Video: Fulfilling the Promise of H.264

June 19, 2012
H.264 video compression seems here to stay, and there are tips to its practical deployment

H.264 is a buzzword throughout the industry. Since the first version of the H.264/MPEG-4 Part 10 compression standard was released in 2003, there have been multiple revisions, improvements and enhancements that have made the technology attractive for use by both consumer and professional video manufacturers. H.264 compression has greatly improved picture quality while also dramatically reducing the amount of data required to produce high-definition (HD) video coding. These are proven benefits that have impacted the larger market for broadcast/commercial video before migrating to the security video market. These capabilities justify much of the hype, but there are also several practical facets to be considered related to H.264.

Be wary of using H.264 with Windows-based video management software. The Microsoft standard file systems are not suitable for large sequential files needed to store H.264 streaming security video. Windows operating systems are designed for general file use. Microsoft's FAT32 and NTFS standard file systems are suitable for JPEG file storage since each file is relatively small, and modern hard disk drives (HDD) can skip from one small file to another quickly. However, storage for H.264 streaming files requires continuous, not fragmented, files that are laid out sequentially on the HDD for the fastest writing and retrieval. In a Windows system, over time, more files are broken up because of how the file system operates and fragmented files are not conducive to fast writing and retrieval of video. File fragmentation may cause these systems to degrade over time and lower performance. The situation may require a dealer/integrator to make an expensive trip to a customer's site to “defrag” the system, which involves shutting down other functions during the process.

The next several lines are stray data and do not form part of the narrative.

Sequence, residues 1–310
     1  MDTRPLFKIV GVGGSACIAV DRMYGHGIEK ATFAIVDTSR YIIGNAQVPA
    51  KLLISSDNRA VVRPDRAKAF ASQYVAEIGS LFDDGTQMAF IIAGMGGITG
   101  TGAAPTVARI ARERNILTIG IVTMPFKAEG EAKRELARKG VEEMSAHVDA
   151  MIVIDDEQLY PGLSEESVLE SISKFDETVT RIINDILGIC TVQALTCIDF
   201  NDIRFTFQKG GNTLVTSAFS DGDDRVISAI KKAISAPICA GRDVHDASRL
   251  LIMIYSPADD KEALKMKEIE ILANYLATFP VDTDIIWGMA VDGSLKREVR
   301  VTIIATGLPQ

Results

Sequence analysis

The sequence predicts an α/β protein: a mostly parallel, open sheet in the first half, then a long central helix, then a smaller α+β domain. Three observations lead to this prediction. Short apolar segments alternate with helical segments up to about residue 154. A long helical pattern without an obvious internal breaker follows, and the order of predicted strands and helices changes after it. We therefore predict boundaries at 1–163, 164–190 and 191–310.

An alternative is to use a non-Windows-based network video recorder (NVR) appliance in which video files sizes are of appropriate length (about five to 15 minutes) and laid out on a storage system in an efficient manner. In this case, expensive fast hard drive write technologies such as the new 15,000 RPM disk drives are not needed. Standard SATA/3-gigabit-per-second HDDs at 7,200 RPM are sufficient in a properly designed recording system. Although the price of solid state HDD is coming down, there is still a large cost-per-gigabyte difference between solid state HDD and SATA. In H.264 applications especially, users may benefit from a video recording appliance (rather than a PC) that uses a flat sequential type of file system. Another alternative is a video management software application that runs under Windows but uses a specially formatted partition or HDD for video storage.

Not all H.264 files are alike. Security video solutions differ regarding how they implement H.264. Various compression profiles are built into the specification and different profiles are used for various applications. Each one has its pros and cons. The H.264 baseline profile is intended for small portable devices, such as portable video games, that have limited CPU devices and memory sources to decode the video. H.264 baseline profile is also used in video conferencing applications. As the name implies, baseline profile is considered a minimum quality specification. Many security recording solutions will either re-encode the video to H.264 baseline profile or record in the camera's native H.264 baseline profile.